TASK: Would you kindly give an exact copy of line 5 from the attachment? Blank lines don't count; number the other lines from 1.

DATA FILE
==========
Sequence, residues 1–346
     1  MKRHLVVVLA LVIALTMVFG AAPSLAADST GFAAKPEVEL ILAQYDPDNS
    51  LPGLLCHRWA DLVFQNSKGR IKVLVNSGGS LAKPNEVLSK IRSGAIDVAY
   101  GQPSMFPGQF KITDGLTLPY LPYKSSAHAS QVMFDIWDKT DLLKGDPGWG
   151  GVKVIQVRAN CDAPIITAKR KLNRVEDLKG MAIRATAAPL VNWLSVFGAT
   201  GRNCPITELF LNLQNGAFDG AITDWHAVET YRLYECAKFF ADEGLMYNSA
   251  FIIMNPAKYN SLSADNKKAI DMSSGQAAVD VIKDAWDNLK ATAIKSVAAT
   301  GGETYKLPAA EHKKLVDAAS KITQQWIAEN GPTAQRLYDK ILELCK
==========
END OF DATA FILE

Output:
   151  GVKVIQVRAN CDAPIITAKR KLNRVEDLKG MAIRATAAPL VNWLSVFGAT